The invention is preferably used in forming a coated paper but other base web materials may be employed and any web material having porosity to be affected by the suction is useful in the practice of the invention, and such base materials may be employed including paper, cardboard, textiles, porous and nonwoven films, and woven materials. The unique effect of the laying down of the paper fibers on the outer exposed surface of the paper web is obtainable only however with the coating of a travelling paper web.

The roll 16 is preferably rubber surfaced and the suction openings 16a provided therein are sufficiently close together so that a mottled or marked effect will not be a result of passing the film and web through the nip. Rubber surfaces of synthetic or natural rubber may be used and preferred rubbers for this purpose are vulcanized natural rubber, vulcanized chloroprene rubber and good results are also obtained from other synthetic rubbers such as vulcanized butadiene-styrene polymers, vulcanized butadiene-acrylonitrile polymers, vulcanized chlorosulfonate solid ethylene polymer, neoprene, silicone and the like. The rubber also may be coated with a thin film or layer of polytctraliuoroethylene, at least at the edges of the web to avoid the film etxending over the edges of the paper web and adhering to the rubber roll. This polytetrauoroethylene, known by the trade name Teflon, may be attached to the rubber roll such as by a pressure sensitive adhesive or may be a sleeve fitted over the roll. The film may be of any suitable thickness but it is preferred that it be thin so that it does not interfere with the compressibility of the rubber on the roll 16. For example, a film of Teflon of 0.002"0.005 inch thick has been quite suitable employing a rubber covering for the roll 16 having a Shore durometer hardness of about 60'.

The roll 17 is suitably chilled such as by internally circulating cold water therethrough, and the cooling should be sufficient to drop the temperature of the film below the solidilication point of the thermoplastic polymer used. The film is molten at the time of contact with the sheet and preferably in the temperature range of C.- 350 C. The film is chilled on the roll 17 to a temperature 3 of C. to 120 C. Suitable means is provided to maintain the temperature of the roll 17 at the desired temperature in the range of 5 C. to 60 C.

The suction in the suction roll 16 is sufcient to draw the film into good contact and to flatten the fibers on the surface of the paper web and a suction in the range of 1.0 inch to 23.0 inches of mercury is desired.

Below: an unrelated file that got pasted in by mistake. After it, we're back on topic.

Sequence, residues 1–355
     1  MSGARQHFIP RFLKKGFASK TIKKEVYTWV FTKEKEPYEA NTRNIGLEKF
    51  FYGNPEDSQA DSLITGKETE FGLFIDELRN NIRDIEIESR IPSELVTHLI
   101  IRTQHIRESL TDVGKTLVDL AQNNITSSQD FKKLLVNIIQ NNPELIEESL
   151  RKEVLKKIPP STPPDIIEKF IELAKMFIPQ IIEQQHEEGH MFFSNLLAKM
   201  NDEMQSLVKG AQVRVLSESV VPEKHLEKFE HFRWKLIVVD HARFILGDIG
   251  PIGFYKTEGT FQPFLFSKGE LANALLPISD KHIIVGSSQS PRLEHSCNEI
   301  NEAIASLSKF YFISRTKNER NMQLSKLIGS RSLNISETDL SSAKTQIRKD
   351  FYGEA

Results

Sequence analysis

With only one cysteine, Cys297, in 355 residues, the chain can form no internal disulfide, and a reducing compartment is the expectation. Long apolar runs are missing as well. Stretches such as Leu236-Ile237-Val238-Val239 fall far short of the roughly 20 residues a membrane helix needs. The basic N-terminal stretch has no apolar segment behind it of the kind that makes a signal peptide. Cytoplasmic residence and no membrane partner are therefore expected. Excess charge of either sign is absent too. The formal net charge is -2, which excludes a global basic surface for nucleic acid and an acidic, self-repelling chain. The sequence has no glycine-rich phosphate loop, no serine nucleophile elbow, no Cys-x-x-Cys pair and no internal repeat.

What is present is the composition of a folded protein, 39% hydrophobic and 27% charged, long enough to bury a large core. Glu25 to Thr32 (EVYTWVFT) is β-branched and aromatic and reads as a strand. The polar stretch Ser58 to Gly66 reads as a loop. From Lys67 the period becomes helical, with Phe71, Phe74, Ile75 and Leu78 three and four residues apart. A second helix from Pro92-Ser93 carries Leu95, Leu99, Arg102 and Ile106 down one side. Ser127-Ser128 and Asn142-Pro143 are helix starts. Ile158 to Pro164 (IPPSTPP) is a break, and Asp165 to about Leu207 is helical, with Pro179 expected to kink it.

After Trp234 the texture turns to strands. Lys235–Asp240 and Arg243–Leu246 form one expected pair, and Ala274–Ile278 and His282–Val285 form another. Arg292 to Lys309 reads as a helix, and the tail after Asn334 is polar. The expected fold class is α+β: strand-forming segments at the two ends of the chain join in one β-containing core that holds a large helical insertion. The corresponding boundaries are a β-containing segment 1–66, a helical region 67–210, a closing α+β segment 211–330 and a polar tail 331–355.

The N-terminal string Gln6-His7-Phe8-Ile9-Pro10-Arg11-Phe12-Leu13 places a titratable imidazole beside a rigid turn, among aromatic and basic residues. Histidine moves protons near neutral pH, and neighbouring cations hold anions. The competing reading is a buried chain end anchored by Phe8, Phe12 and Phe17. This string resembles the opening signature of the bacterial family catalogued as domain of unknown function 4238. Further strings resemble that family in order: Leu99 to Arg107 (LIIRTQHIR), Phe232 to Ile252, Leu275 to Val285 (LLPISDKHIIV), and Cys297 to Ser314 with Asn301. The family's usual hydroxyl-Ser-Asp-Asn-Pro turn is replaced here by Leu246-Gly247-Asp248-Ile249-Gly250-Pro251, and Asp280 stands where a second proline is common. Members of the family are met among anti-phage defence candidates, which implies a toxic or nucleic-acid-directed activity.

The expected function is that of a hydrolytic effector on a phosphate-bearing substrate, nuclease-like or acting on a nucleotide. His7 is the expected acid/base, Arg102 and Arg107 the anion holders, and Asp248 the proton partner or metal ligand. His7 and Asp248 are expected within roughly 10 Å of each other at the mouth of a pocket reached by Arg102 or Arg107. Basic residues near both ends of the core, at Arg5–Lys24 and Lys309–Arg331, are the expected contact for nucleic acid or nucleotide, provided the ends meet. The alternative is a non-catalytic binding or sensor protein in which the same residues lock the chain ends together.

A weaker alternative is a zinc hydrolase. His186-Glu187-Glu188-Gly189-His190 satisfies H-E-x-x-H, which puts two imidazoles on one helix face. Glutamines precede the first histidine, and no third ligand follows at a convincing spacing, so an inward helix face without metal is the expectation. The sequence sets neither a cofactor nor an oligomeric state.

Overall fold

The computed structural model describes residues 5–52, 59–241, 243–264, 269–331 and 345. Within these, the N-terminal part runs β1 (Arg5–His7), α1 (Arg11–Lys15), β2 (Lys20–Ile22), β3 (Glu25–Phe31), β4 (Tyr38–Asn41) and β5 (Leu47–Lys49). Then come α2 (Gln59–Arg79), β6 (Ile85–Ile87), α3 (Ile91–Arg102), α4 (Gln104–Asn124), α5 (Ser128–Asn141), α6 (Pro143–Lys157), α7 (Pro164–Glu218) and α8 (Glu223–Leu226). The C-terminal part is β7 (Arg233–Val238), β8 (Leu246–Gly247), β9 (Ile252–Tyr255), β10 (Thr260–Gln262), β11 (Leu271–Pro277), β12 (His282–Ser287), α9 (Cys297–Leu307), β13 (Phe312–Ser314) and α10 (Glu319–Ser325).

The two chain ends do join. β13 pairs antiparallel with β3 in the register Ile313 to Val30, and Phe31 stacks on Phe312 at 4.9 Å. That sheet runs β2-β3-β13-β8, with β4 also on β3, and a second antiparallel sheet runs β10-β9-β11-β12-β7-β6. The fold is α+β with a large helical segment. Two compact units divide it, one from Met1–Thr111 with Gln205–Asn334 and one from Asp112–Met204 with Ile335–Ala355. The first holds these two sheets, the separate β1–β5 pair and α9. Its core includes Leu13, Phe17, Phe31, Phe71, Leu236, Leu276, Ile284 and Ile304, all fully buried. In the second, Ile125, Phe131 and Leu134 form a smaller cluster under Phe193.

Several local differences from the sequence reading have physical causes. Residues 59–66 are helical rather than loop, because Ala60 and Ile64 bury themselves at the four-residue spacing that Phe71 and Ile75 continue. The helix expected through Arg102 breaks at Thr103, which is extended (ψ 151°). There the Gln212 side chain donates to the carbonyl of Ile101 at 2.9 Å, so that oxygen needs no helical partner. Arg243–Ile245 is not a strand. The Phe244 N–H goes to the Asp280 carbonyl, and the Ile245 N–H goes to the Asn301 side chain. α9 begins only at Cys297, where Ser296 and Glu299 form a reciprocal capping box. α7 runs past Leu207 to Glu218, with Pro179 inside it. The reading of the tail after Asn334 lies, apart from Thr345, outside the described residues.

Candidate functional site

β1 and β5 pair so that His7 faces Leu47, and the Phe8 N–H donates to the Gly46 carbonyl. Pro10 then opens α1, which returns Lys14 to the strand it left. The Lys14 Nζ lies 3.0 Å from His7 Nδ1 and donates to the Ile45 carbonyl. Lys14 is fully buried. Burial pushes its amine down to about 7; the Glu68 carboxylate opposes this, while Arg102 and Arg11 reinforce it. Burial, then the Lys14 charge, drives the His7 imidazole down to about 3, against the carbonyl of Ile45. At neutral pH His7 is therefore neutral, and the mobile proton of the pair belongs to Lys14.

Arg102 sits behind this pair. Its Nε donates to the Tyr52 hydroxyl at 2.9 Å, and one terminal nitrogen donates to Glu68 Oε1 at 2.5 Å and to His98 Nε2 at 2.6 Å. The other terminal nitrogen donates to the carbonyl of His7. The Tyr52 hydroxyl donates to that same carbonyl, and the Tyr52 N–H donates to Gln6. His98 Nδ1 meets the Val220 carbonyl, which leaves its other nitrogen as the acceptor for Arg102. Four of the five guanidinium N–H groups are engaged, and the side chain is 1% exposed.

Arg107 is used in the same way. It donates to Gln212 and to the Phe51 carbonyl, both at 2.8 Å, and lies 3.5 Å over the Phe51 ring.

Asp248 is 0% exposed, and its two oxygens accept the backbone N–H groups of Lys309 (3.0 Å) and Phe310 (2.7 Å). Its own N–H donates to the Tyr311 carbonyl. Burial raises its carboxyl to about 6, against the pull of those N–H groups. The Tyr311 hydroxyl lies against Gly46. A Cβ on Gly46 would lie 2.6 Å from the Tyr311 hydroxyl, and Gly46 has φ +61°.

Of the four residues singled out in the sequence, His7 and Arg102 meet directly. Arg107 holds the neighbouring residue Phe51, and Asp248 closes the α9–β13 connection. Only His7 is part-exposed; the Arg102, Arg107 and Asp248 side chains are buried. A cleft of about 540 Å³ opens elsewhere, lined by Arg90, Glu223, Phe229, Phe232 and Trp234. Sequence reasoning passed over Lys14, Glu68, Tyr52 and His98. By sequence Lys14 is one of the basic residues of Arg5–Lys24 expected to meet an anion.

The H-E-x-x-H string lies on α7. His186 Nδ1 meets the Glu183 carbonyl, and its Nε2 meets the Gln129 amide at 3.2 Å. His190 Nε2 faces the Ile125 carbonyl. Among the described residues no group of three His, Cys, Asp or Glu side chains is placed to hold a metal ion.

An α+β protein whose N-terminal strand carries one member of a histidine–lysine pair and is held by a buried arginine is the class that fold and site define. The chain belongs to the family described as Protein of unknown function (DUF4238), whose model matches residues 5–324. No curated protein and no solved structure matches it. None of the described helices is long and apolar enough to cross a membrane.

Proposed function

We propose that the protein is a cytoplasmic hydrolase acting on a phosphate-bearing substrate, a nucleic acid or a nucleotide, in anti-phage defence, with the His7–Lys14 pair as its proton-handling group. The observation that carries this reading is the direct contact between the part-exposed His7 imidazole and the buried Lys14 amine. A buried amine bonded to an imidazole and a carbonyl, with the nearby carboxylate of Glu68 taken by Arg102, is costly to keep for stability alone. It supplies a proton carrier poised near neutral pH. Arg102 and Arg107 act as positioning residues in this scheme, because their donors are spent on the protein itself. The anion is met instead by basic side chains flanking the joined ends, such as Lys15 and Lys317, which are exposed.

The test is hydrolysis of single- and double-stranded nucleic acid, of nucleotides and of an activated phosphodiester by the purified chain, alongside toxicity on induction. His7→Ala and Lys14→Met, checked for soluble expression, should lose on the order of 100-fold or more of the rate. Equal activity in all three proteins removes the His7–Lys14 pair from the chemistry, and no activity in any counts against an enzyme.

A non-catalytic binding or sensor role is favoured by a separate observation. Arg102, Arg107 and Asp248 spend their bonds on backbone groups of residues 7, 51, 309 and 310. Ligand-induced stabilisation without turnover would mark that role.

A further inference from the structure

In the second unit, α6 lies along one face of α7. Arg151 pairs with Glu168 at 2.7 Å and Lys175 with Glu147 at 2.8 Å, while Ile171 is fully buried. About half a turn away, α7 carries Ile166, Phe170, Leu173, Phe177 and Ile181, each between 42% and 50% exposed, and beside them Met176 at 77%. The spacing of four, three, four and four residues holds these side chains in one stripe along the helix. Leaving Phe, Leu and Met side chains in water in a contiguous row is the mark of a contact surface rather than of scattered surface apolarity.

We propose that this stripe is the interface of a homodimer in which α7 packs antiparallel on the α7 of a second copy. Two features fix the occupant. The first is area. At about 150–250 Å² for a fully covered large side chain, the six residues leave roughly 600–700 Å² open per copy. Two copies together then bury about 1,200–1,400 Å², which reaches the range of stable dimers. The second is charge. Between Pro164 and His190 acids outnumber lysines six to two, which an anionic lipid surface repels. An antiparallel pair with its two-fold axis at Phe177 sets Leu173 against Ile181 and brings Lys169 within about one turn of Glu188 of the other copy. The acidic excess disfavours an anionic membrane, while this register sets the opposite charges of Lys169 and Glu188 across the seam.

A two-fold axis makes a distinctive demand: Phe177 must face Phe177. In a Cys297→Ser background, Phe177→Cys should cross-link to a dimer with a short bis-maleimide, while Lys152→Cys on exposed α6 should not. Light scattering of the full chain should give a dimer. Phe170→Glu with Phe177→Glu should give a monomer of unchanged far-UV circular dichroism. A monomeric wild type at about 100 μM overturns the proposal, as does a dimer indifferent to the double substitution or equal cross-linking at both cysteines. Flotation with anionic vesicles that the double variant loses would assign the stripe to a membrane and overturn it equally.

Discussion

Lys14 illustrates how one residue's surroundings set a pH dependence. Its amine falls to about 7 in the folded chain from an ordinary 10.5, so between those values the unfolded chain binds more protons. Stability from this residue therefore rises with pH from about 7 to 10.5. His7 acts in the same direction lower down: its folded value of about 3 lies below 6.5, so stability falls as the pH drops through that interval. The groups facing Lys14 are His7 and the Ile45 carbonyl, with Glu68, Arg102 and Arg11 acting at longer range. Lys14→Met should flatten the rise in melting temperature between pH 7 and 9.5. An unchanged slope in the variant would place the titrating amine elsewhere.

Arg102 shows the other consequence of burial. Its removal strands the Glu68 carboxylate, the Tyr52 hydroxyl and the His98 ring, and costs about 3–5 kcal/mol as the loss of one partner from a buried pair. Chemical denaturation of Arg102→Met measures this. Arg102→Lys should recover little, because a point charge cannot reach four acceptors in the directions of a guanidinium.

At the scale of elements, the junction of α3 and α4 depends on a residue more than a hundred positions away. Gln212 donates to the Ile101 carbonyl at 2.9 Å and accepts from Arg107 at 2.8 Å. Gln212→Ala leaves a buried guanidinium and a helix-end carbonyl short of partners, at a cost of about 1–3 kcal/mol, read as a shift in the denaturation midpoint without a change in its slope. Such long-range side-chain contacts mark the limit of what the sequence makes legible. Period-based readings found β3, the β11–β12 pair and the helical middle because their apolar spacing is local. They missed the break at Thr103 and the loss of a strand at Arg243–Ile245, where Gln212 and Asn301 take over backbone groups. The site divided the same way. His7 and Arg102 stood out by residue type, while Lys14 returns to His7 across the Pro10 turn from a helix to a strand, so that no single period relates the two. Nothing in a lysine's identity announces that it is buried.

The surface of the roll 16 is cooled to protect and maintain the resiliency of the rubber, such as by Contact with a cooled roll 19.

The film for coating may be a synthetic linear polymer having a sharp melting point, and suitable polymers include normally solid ethylene polymers, polyamide resins (e.g., polyhexamethyleneadipamide; polypentamethylenesebacamide; polypropylene; polyamide mixtures obtained by interpolymerizing a mixture of hexamethylene-diammonium adipate and hexamethylene-diammonium sebacate with caprolactam; and indeed any of the other synthetic linear polyamides disclosed in U.S. Patents 2,071,250, 2,071,253, 2,130,948 and 2,130,523), chlorinated normally solid ethylene polymers, especially those having from 20% to 40% by weight of chlorine normally solid ethylene/vinyl acetate interpolymers, polystyrene, hydrolyzed normally solid ethylene/vinyl acetate interpolymers, and the like. The preferred polymer employed in the practice of the invention is normally solid ethylene polymer.

Thus it will be seen that I have provided an improved mechanism and method for coating travelling webs such as paper webs which meet the objectives and advantages above set forth. In operation the paper web is supported on the suction roll and flattened thereto with the outer exposed fibers fiattened against the roll to present an essentially smooth surface for engaging the film, and maintenance of the suction on the back side of the web draws the film intimately to the web. The resultant product is more uniform and has a greater moisture impermeability with each layer of the laminated film being more uniform and the line of contact being more accurately planar although the bond and adhesion between the layers is improved.

The drawings and specification present a detailed disclosure of the preferred embodiments of the invention, and it is to be understood that the invention is not limited to the specific forms disclosed, but covers all modifications, changes and alternative constructions and methods falling within the scope of the principles taught by the invention.

I claim as my invention: